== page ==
In Kent Haruf's Plainsong, Ike and Bobby are important characters through the story. They are first introduced as being neglected and abandoned by their mother. You soon see how independent they are, as they have a job, and go to school and basically live life without parental help. They face many problems in the book, and their close relationship with each other helps them overcome all these obstacles, and make them stronger people. Through constant struggle and turmoil, Ike and Bobby cross the threshold from childhood into adolescence.
When we meet Ike and Bobby, we can see that they are very mature for their age, because we see them going to their job, a rare thing for boys at such a young age. Adults also acknowledge their maturity, as Ralph does. They also understand what is happening to their mother, and they do not take it in a bad way, but instead take the news as an adult would.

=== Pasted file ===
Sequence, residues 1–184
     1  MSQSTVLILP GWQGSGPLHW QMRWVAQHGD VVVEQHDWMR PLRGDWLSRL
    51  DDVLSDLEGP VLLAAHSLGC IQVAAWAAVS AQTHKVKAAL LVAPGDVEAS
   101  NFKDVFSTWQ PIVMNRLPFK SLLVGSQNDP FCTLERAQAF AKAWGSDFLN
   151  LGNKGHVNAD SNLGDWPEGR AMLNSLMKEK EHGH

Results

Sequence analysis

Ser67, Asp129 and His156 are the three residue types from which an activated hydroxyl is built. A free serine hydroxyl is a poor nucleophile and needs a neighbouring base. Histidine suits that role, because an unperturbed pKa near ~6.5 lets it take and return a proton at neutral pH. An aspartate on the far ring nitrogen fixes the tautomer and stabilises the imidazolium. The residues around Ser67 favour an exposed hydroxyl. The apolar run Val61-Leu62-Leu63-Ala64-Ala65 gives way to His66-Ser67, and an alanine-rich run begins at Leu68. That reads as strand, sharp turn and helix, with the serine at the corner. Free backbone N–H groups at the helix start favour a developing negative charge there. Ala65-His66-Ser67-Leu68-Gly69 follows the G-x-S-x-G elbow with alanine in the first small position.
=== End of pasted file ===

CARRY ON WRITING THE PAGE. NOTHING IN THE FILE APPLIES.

They also carry on mature conversations with other adults, such as Harvey Schmidt from the barbershop and Mrs. Stearns. Another part in the book that shows their maturity is when, in a later chapter, the boys help Mrs. Stearns make cookies, so she will not be alone. This shows their maturity because they understand the values of helping others, and most kids of their age do not understand values such as this.
The first real conflict Ike and Bobby encounter is when Ike wakes Bobby to go look at what is happening in the vacant house next to them. As they see the boy having sex with the high school girl, they are traumatized and are in awe of the experience; they learn that men have more power than women, and they also learn wrong values about the relationships...